acquaintance. He was a merchant, and our first meeting was at his
store--a substantial brick building, giving evidence of a flourishing
business. After a few minutes' detention here, long enough for me to
observe the neatness and order of the place, I was conducted by him to
his residence where I was kindly received by his family as an expected
guest. I was a little disappointed at the appearance of this man's
house, for after seeing his fine store, I was prepared to see a fine
residence; but this logic was entirely contradicted by the facts. The
house was a small, wooden one, on a back street in a neighborhood of
laboring men and mechanics, respectable enough, but not just the spot
where one would expect to find the home of a successful merchant.
Plain as was the outside, the inside was plainer. Its furniture might
have pleased a Spartan. It would take longer to tell what was not in
it, than what was; no sofas, no cushions, no curtains, no carpets, no
easy rocking chairs inviting to enervation or rest or repose. My first
meal passed under the misnomer of tea. It was none of your tea and
toast sort, but potatoes and cabbage, and beef soup; such a meal as a
man might relish after following the plough all day, or after
performing a forced march of a dozen miles over rough ground in frosty
weather. Innocent of paint, veneering, varnish or tablecloth, the
table announced itself unmistakably and honestly pine and of the
plainest workmanship. No hired help passed from kitchen to dining
room, staring in amazement at the colored man at the white man's
table. The mother, daughters and sons did the serving, and did it
well. I heard no apology for doing their own work; they went through
it, as if used to it, untouched by any thought of degradation or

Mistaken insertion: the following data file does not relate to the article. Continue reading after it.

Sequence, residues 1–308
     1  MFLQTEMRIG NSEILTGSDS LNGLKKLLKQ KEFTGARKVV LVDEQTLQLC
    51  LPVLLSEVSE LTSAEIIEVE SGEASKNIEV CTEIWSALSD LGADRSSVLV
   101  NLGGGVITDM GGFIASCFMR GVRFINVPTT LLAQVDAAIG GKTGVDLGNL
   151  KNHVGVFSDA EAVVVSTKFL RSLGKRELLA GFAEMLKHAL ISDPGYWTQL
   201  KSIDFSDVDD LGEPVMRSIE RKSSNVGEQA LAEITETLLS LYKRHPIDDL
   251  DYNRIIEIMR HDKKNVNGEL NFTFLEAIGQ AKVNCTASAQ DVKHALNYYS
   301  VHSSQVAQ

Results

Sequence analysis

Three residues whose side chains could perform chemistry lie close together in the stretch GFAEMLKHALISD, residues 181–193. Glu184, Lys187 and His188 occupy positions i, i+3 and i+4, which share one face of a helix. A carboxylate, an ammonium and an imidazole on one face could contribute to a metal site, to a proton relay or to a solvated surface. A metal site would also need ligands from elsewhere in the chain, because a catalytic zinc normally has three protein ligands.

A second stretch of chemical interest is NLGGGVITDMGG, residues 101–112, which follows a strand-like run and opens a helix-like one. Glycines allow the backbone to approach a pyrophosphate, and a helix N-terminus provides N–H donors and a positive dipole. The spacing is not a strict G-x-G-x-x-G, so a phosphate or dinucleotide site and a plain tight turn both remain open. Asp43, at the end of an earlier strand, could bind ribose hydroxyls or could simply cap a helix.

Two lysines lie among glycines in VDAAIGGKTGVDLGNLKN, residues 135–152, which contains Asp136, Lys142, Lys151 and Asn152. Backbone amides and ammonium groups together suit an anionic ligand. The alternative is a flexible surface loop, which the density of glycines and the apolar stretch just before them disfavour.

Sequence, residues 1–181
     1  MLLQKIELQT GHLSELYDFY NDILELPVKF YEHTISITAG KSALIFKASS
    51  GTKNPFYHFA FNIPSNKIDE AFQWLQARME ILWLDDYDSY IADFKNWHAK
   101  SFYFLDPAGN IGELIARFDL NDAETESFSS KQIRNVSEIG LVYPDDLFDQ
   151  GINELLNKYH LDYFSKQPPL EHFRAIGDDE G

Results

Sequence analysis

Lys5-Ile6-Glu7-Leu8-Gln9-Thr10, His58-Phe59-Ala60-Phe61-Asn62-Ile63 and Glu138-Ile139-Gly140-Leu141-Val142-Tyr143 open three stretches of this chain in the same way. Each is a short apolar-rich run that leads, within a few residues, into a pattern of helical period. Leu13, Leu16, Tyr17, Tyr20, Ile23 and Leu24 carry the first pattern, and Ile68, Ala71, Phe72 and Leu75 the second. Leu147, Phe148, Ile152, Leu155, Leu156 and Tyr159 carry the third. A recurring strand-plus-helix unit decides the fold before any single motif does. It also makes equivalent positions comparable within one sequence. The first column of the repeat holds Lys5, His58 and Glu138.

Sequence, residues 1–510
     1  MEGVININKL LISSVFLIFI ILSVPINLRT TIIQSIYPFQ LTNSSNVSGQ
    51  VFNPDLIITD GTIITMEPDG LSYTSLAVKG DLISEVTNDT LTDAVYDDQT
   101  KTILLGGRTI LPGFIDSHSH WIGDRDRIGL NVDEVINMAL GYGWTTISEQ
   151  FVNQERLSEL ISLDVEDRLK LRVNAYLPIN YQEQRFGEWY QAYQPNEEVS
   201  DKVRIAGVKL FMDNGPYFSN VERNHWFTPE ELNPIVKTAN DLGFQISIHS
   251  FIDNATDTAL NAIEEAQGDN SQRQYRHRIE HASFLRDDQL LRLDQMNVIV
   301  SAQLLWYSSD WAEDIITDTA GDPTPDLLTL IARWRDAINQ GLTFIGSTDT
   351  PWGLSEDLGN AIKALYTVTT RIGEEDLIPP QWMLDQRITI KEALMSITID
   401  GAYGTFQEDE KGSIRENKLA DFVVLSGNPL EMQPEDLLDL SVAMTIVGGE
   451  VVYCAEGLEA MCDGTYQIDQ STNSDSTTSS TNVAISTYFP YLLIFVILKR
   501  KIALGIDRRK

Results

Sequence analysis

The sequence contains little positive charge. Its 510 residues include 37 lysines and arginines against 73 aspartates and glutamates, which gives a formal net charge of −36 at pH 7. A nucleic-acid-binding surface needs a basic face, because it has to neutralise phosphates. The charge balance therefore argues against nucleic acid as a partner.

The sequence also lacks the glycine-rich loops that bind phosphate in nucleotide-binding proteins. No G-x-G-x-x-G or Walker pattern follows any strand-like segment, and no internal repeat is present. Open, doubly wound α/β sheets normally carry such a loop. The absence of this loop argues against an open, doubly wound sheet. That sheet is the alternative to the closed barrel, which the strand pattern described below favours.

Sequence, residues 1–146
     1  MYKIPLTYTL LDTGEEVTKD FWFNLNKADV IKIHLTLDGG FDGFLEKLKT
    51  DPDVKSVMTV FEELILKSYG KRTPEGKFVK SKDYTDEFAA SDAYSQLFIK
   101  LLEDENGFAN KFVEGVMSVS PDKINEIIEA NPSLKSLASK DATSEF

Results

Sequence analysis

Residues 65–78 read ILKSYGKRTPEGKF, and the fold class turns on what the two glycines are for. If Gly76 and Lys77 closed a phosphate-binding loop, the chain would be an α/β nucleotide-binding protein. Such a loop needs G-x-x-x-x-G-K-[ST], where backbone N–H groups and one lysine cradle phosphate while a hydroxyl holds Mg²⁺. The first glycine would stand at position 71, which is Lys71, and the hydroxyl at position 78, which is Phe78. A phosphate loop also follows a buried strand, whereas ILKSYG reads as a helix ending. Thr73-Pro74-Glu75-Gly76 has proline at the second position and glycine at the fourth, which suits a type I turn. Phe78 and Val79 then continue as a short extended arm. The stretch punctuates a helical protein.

impropriety. Supper over, the boys helped to clear the table and wash
the dishes. This style of housekeeping struck me as a little odd. I
mention it because household management is worthy of thought. A house
is more than brick and mortar, wood or paint; this to me at least was.
In its plainness it was a truthful reflection of its inmates: no
disguises, no illusions, no make-believes here, but stern truth and
solid purpose breathed in all its arrangements. I was not long in
company with the master of this house before I discovered that he was
indeed the master of it, and likely to become mine too, if I staid
long with him. He fulfilled St. Paul's idea of the head of the
family--his wife believed in him, and his children observed him with
reverence. Whenever he spoke, his words commanded earnest attention.
His arguments which I ventured at some points to oppose, seemed to
convince all, his appeals touched all, and his will impressed all.
Certainly I never felt myself in the presence of a stronger religious
influence than while in this house. "God and duty, God and duty," run
like a thread of gold through all his utterances, and his family
supplied a ready "Amen." In person he was lean and sinewy, of the best
New England mould, built for times of trouble, fitted to grapple with
the flintiest hardships. Clad in plain American woolen, shod in boots
of cowhide leather, and wearing a cravat of the same substantial
material, under six feet high, less than one hundred and fifty lbs. in
weight, aged about fifty, he presented a figure straight and
symmetrical as a mountain pine. His bearing was singularly impressive.
His head was not large, but compact and high. His hair was coarse,
strong, slightly gray and closely trimmed and grew close to his
forehead. His face was smoothly shaved and revealed a strong square